Game of penises: South Africa's latest online gaming sensation

Bobby Jordan meets the team behind a game that tries to disrupt entrenched notions of male power and authority - using jousting genitals

24 September 2017 - 01:05 By BOBBY JORDAN
'Genital Jousting' game play.
'Genital Jousting' game play.
Image: Supplied

Richard Pieterse leans back to show me his penises. I am impressed. Red ones, green ones, zippy yellow ones, a large purple one gyrating across his computer screen in search of an orifice; Pieterse wears the satisfied smirk of the well-endowed.

Lots of penises on the screen alongside, too, and the screen opposite, and up on the wall. Last time I saw this much penis was a drunken evening I'm not supposed to talk about.

And yet there is nothing obscene or salacious about Pieterse's multicoloured friends, no matter how surprising they might seem worming around the place. Titillating yes, but unlikely to offend any except the most pious souls for whom Genital Jousting will hold no appeal.

Not for the faint of crotch is South Africa's latest online gaming sensation, home-grown and expertly crafted, with almost 300,000 sales under the belt.

I am visiting Free Lives, a gaming company nestled incongruously in Cape Town's leafy suburbs. I am under-prepared and ill-informed: the only thing I know about gaming is that you now do it standing up, just like we used to at George's Superette in Derby Road when 20c bought you an afternoon against the German Luftwaffe in a twin-prop Spitfire. The only thing I know about Free Lives is from Facebook and YouTube - a clip about its penis game.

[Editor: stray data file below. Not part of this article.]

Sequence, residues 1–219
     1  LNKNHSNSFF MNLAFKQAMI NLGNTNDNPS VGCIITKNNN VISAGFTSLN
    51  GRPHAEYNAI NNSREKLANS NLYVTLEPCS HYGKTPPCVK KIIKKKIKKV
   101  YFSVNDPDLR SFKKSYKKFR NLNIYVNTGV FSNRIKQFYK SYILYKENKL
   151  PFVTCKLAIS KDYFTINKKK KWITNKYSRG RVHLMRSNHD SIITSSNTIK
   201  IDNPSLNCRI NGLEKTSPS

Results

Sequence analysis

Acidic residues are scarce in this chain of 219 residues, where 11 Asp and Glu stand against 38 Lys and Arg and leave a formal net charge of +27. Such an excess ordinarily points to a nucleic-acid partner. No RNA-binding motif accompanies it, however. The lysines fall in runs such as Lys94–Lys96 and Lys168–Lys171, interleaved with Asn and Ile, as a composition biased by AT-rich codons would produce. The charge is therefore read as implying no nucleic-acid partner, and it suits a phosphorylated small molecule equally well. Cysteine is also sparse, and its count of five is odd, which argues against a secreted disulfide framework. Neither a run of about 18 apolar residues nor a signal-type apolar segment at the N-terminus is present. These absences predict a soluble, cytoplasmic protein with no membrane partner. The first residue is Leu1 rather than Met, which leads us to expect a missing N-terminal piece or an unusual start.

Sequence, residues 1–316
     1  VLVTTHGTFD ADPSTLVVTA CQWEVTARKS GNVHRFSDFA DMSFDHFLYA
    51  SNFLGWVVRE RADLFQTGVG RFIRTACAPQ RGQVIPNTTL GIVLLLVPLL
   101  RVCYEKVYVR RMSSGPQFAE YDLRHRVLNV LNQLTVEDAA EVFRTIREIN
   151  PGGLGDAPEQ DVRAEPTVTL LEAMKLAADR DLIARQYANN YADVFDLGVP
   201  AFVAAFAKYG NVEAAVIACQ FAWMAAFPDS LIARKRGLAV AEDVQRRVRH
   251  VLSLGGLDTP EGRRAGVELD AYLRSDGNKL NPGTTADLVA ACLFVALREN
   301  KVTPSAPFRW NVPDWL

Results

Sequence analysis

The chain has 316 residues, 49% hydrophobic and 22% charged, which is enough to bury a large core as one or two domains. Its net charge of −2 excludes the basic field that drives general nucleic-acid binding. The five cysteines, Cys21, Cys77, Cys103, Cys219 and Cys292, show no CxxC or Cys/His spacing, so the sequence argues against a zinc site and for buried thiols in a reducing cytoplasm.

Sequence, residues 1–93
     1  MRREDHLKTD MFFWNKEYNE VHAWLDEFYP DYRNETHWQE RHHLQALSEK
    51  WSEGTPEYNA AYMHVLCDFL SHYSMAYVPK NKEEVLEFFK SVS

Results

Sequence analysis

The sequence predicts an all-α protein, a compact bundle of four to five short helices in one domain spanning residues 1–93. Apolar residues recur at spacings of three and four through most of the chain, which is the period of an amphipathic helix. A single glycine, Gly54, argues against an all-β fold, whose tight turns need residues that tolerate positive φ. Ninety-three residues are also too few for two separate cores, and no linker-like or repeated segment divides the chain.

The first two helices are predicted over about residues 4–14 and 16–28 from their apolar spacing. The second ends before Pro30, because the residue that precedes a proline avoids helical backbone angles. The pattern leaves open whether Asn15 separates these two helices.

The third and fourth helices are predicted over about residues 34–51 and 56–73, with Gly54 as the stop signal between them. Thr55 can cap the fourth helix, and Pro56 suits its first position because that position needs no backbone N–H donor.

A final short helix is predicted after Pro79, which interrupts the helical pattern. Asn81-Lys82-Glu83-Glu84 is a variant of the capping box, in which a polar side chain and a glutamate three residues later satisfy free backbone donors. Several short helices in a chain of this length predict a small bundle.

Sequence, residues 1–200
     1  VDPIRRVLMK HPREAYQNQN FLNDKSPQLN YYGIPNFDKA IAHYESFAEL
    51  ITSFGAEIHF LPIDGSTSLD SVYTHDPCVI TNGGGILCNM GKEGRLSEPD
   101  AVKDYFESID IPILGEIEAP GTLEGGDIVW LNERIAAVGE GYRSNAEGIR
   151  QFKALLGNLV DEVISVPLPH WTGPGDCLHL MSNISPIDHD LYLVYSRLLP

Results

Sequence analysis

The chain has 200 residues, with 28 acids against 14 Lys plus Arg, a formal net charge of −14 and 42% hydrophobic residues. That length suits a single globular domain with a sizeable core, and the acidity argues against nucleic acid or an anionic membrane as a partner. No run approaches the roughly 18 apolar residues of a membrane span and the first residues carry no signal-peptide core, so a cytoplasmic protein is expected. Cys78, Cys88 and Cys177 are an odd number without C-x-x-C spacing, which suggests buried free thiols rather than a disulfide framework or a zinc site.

"Go check them out - they're bound to be interesting," was the sum total of the editorial brief.

Computer game developers, clockwise from left, Stuart Coutts, Evan Greenwood, Robbie Fraser and Richard Pieterse.
Computer game developers, clockwise from left, Stuart Coutts, Evan Greenwood, Robbie Fraser and Richard Pieterse.
Image: Ruvan Boshoff

And so I had buzzed 10 Willow Road, Constantia, with "interesting" in mind. How weird could they be with jobs, an office, even an office administrator? That's borderline mainstream in my line of work.

But "mainstream" is not a word that comes to mind inside 10 Willow Road. Workmen everywhere, on ladders and carrying tools. Corridors and interleading doors. Work pods of ear-phoned staff glimmering in the light of their PCs.

"We're expanding," explains the staff member who leads me to Pieterse, co-progenitor of Genital Jousting, barefoot and extremely relaxed in black leggings. There's only time for a quick peek at his computer penises before we shuffle off for a team meeting with the entire creative team - in the garage.

This is where I meet Evan Greenwood, the Chief Whiskers of Free Lives, a straight-talking code-addled creative with an immediate laid-back appeal. He has '60s hair, a '70s jacket, an '80s hat, and an attitude pegged to some far-off utopian world of uninhibited wow-ness. He is a fine arts graduate, a Free Lives patriot, and an opponent of everything boring.


In a few rollicking sentences, spoken with a faintly American drawl, Greenwood sketches the origins of Genital Jousting. "It has been a journey of penis games. There were a couple of others and it wasn't the first thing we had tried. This was the one that landed hardest so far."

"Richard had been working on penis-related games for a while. He had made a sports game where you control penises and bump balls around. Then it was my idea to put a butt hole on the end of a penis."

Greenwood is quickly philosophical about human genitalia, as are the rest of the team. He is quick to point out that Genital Jousting is not some "masturbatory aid", but rather an attempt to subvert prevailing attitudes about gender and sex while having some fun.